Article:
The place of authentic technological practice and assessment in technology education.
Degree GrantorUniversity of Canterbury
Degree NameMaster of Teaching and Learning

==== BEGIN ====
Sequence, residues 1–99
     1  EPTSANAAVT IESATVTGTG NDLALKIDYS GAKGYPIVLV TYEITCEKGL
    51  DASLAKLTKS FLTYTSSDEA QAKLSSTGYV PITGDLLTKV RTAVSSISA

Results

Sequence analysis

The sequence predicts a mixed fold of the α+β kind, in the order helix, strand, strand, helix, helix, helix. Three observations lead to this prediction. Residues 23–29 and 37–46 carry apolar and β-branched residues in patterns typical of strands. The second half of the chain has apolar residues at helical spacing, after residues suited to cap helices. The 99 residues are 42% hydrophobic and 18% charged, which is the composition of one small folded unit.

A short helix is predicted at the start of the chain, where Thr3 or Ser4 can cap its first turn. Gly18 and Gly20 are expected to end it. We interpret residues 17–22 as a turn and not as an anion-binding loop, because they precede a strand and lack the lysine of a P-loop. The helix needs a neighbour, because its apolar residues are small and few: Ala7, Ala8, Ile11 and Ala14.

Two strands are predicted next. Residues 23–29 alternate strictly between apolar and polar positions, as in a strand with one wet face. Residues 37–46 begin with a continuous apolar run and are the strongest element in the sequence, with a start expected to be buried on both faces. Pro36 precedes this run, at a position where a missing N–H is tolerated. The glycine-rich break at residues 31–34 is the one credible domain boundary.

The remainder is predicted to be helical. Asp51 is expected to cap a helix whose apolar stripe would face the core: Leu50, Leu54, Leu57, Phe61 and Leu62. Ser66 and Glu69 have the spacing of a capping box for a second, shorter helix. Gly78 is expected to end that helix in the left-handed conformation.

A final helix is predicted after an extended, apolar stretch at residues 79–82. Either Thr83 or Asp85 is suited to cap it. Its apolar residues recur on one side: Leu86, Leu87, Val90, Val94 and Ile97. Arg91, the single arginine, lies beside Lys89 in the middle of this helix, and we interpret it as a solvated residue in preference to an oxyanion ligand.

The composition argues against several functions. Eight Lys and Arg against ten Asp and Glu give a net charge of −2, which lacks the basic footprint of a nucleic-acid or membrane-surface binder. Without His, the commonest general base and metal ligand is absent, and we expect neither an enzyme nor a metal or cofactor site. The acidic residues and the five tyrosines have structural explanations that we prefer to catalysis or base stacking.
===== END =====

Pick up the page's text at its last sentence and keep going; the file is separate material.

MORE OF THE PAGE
Technology Education was first introduced to the New Zealand curriculum in 1999. Its introduction has provided challenges for teacher professional development providers and teachers. Many teachers have had either little or no professional development and therefore struggle to plan and implement programmes that reflect authentic technological practice. Assessment of technology has been of particular concern given the intense climate of accountability in schools. Because of its holistic nature assessment practices must be an integrated part of students' technological practice. My study addresses these problems by identifying authentic student technological practice and discussing the teachers' role in teaching and assessing their students. Teachers require quality professional development and an accurate understanding of technological practice if they are to work effectively with students in technology education. The focus for this research is on one technology assessment task administered to Year 4 children in the National Education Monitoring Project (NEMP) 'Aspects of Technology, 2000'. This is used as a framework to explore the challenges of making assessment authentic in technology education. It is argued that the achievement levels of the children can be improved if the task is a part of the technological practice related to the field of study apparent in the task rather than a previously unsighted 'out-of-context' task. It is also debated that for teachers to be able to plan and implement a unit of work that is based on authentic technological practice they must have a good understanding of the conceptual, procedural, technical and societal knowledge relevant to the practice. A three staged approach is used in this research. The first stage involved the selected teachers in professional development exploring Learning in Technology Education (LITE) research and unit planning strategies. For this purpose one NEMP task was incorporated into a cooperatively planned unit of work. In Stage Two an 'out-of-context' NEMP task was presented to six children from each of three of the six schools, one in each decile band. In Stage Three the teachers were interviewed about their intended practices. The unit of work was then taught in each of the six classes. During the unit the task was again administered to six children in each class as an integrated part of the unit. Both tasks were administered and analysed according to the 'Aspects of Technology NEMP 2000' guidelines and criteria. This made it possible to compare the 'out-of-context' task with the 'in-context' task. After the unit was taught the teachers were interviewed again to discuss their actual practice. Analysis of both sets of data allowed the comparison of achievement levels of children participating in an isolated 'out-of-context' task to that, which was embedded in authentic technological practice ('in-context'). The results showed that the children who attempted the task as an 'in-context' task achieved at a higher level than those who completed the task as a previously unsighted 'out-of-context' . task did My findings demonstrate that in order to gain a realistic understanding of the levels of achievement in technology education through assessment of technological outcomes, these outcomes should be an integral part of authentic technological practice. While the results indicate that assessment tasks need to be an integral part of authentic technological practice this study acknowledges that students' technological practice differs from that of real technologists. There are a number of reasons cited for this to do with the age of the students, school politics and facilities, external assessment requirements and the presence of the teacher in the role as mentor. The study theorises that the quality of teacher knowledge impacts on the quality of intervention given, altering students' technological practice. These ideas are presented in a Model of Student Technological Practice. The study concludes with recommendations for improving the pre-service training of teachers and the up-skilling of existing teachers in technology education, and on the organisation and development of national assessment tasks in technology education for NEMP.